Sunday, November 23, 2014

Begin the Week with Words

Reading Max Lucado's book Before Amen (about prayer) with two groups - one group of real life friends and one group of women who signed up with Proverbs 31 Ministries to study the book together. The book study has only begun this week, but I found one quote I know is true from experience.

Friday, November 21, 2014

#BookishThanks November 15-21

I am participating in a most wonderful bookish Thanksgiving meme, #BookishThanks, put together by Monika at A Lovely Bookshelf on the Wall. A category is given for every day in November, to which you can apply the book of your choice, posting it on your social media. It has been so much fun, I figured I'd post them on my blog weekly! Feel free to leave your choices for any categories in the comments.

15. Sparked my imagination - Juliet's Nurse, by Lois Leveen

16. Stretched my mind - One Thousand Gifts, by Ann Voskamp

Stretched me so much, I made sure I'd never forget it!

17. Took my breath away - Les Miserables, by Victor Hugo

18. Taught me something new - Snow Flower and the Secret Fan, by Lisa See

19. Discussed with a friend - The Best Yes, by Lysa TerKeurst

20. Gave me a different perspective - The Killer Angels, by Michael Shaara

21. Makes me take copious notes - The Bible

Once again, what better place for lasting impressions?

Wednesday, November 19, 2014

Student Spotlight: Donald R.

Hi! Welcome to Student Spotlight on My Life in Books. Today's featured student writer is Donald R. He is an 11th grader and his class read Of Mice and Men, by John Steinbeck, earlier this year. In the novel, many characters have big hopes and dreams for the future, although none of them reach their goals. Although there are extenuating circumstances for Steinbeck's characters, the Impossibility of the American Dream is one of the themes of the novel. Based on this theme, students were asked to describe and plan steps toward a possible hope or dream(s) they have for their own future. The best laid plans of mice and men may often go awry, but that doesn't mean we shouldn't try.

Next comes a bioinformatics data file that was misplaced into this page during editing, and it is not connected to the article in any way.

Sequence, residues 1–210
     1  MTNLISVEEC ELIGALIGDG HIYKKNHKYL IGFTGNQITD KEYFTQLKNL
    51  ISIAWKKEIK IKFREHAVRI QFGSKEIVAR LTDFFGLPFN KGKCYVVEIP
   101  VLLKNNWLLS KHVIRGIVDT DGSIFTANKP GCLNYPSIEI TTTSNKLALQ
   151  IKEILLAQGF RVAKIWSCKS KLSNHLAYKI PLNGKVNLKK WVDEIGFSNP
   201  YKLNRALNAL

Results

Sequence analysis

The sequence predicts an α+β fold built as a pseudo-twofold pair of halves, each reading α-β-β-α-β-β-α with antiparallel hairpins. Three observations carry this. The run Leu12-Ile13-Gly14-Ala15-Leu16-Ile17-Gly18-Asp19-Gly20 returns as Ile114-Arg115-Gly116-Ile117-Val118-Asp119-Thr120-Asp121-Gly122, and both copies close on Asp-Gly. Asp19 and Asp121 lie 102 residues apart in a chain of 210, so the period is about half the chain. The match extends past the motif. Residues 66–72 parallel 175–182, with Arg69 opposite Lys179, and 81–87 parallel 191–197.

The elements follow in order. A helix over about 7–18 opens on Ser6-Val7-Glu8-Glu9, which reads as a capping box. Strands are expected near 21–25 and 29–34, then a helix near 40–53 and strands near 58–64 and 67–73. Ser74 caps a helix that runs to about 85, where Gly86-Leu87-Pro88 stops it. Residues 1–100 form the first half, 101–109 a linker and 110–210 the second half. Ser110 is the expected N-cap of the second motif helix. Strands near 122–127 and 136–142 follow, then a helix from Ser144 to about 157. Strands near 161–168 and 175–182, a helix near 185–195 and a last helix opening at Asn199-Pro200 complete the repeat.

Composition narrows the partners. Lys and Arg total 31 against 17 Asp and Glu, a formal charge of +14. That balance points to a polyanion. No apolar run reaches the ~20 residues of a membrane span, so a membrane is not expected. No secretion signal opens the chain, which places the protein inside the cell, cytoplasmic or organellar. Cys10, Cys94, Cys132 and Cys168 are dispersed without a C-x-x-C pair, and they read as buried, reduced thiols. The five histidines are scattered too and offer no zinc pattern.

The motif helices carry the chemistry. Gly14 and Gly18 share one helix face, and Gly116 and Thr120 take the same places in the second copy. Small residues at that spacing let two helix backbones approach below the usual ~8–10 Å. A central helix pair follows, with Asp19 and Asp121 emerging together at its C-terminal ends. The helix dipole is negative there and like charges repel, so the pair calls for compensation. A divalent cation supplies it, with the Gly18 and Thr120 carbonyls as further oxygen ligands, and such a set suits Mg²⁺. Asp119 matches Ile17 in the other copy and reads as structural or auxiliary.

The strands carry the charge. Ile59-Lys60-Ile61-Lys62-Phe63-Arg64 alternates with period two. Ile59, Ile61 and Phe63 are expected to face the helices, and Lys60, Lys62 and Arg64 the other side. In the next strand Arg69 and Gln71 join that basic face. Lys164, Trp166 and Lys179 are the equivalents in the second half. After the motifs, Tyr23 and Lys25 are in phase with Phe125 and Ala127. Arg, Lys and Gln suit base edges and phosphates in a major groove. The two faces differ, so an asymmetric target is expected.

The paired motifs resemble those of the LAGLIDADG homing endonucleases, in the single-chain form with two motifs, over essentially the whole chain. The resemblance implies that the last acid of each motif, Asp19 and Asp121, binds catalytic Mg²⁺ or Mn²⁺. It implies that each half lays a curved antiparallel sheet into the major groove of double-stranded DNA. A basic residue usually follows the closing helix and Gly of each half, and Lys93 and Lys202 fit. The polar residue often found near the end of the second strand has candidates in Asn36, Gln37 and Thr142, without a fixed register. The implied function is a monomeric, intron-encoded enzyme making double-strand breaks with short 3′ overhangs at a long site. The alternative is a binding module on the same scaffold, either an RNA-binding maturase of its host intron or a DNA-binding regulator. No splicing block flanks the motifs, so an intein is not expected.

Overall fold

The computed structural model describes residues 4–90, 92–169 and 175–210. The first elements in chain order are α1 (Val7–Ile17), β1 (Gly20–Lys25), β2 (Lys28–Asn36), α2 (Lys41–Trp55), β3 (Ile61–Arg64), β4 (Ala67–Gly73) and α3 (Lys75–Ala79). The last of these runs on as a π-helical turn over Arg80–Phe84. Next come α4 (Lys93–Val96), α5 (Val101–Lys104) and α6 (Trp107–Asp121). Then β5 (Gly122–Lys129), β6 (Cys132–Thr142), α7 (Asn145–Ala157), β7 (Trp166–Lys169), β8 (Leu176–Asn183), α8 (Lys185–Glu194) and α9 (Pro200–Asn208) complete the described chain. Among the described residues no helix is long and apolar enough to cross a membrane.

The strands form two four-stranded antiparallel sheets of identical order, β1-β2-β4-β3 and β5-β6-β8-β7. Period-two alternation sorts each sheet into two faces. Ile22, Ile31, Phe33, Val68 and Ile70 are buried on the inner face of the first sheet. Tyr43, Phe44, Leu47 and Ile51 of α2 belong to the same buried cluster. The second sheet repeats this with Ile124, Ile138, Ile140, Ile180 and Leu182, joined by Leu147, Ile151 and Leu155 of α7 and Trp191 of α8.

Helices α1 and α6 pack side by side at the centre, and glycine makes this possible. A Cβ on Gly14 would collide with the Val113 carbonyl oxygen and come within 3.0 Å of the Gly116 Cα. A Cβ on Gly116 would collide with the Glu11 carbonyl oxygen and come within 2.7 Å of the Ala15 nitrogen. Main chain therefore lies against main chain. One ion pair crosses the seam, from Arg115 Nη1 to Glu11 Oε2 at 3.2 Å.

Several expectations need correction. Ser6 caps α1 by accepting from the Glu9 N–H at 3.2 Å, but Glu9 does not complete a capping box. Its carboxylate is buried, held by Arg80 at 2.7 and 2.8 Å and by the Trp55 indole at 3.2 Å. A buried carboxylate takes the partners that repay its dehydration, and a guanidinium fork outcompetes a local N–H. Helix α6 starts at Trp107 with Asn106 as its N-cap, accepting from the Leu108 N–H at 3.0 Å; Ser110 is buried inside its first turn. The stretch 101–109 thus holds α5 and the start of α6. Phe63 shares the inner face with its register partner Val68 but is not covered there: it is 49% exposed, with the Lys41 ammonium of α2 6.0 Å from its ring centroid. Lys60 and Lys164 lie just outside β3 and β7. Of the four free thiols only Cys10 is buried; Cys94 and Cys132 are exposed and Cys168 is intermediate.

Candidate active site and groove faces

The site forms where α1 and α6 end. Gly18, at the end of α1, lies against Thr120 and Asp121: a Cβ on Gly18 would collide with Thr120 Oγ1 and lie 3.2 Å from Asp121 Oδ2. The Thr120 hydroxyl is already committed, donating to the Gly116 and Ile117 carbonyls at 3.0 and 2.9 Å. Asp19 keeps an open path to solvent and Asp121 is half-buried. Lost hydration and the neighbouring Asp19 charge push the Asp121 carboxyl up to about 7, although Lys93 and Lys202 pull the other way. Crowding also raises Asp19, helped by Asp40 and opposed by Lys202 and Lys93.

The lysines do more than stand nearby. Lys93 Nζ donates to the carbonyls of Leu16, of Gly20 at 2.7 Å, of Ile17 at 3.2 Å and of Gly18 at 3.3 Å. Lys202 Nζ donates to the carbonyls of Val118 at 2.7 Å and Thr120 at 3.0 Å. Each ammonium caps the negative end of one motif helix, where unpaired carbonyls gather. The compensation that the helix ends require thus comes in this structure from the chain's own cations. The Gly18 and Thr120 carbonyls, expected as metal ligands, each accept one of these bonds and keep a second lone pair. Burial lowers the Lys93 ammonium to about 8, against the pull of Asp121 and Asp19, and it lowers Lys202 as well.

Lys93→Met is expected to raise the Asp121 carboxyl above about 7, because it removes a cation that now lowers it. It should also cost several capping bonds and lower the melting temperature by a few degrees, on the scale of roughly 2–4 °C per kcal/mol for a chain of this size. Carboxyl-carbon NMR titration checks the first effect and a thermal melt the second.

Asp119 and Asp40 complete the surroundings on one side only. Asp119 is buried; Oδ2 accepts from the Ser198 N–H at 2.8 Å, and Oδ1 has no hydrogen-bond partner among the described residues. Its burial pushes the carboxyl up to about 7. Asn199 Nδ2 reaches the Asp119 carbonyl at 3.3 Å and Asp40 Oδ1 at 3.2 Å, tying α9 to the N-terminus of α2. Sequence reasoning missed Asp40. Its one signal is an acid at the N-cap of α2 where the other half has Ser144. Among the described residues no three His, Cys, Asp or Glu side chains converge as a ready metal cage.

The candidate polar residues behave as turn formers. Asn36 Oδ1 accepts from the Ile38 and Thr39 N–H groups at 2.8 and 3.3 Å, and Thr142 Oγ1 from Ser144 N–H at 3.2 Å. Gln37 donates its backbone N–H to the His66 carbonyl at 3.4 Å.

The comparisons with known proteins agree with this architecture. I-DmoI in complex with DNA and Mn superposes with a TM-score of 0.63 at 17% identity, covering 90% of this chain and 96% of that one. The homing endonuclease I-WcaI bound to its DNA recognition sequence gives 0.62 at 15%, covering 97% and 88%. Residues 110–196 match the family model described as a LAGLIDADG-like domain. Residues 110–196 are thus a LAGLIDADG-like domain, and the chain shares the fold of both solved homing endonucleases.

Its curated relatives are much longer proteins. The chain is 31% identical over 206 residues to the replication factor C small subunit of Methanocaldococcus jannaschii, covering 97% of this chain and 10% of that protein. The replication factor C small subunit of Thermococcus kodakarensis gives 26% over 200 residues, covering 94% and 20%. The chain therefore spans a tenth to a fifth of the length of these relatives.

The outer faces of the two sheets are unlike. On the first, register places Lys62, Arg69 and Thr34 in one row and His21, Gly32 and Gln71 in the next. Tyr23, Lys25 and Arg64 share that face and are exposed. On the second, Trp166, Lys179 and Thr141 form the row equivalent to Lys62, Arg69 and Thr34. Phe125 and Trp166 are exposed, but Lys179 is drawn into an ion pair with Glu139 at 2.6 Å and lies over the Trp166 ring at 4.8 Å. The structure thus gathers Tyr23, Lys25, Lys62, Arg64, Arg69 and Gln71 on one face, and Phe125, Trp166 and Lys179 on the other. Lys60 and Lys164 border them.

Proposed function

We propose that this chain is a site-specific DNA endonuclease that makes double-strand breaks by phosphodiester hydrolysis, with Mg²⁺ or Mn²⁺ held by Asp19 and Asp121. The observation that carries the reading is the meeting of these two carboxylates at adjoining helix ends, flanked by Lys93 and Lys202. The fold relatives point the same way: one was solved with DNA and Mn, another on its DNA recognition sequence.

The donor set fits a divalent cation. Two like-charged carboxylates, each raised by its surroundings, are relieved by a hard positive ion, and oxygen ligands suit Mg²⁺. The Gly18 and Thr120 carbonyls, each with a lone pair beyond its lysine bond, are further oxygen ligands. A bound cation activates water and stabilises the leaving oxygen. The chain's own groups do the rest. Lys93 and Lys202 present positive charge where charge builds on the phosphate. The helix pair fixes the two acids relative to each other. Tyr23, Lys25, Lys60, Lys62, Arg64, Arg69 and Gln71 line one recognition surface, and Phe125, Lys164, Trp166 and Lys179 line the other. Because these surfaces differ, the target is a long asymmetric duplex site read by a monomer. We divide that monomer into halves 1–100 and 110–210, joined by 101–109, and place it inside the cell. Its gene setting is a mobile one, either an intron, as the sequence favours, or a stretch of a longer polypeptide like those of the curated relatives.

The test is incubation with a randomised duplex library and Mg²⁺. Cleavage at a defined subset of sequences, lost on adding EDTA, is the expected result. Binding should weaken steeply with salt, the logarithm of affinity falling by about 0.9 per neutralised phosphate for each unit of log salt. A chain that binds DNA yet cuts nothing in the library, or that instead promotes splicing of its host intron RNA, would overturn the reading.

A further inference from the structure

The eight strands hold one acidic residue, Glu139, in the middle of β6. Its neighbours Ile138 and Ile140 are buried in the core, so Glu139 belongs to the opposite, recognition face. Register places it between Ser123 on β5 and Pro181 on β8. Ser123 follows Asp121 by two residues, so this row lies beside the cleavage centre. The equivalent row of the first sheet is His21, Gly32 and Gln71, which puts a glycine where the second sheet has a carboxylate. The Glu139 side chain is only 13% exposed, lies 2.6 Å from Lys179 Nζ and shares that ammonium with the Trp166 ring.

I am very proud of Donald for taking this essay seriously and choosing such a thoughtful topic. Welcome Donald!

My Dream to Lose Weight

             My dream is to lose weight. The main reason I want to lose weight and gain some muscle is because it’s been along time since I’ve been at a standard or better weight. Another reason is because there’s many things I’ve wanted or want to do but my weight has been slowing me down. If I were to become healthy and lose weight, I could become more active in my life.

The way I plan to lose weight is by doing regular exercises like push-ups, sit-ups, lunges, and walking daily, but pacing the exercises. I don’t want to hurt or pull a muscle, which could make me have to take time off from exercises. Another way is by having a steady diet and not eating so much junk food. Also by eating at regular times, instead of eating at anytime, so my digestive system can settle better and faster. Another way is by getting more motivated to do exercise. I’m going to listen to music that can help me focus more and block out any stress related situations.

The reason why I’ve always wanted to be healthy and in good shape is because it will help me accomplish what I’ve always wanted to do. And also because I can do more active things and better myself. The whole reason why I want to lose weight is because I’ve always hated looking at myself being fat and having dreams of being fit and healthy. And mostly, I’ve hated looking at myself in the mirror and all I see is fat and not seeing the fit side of me.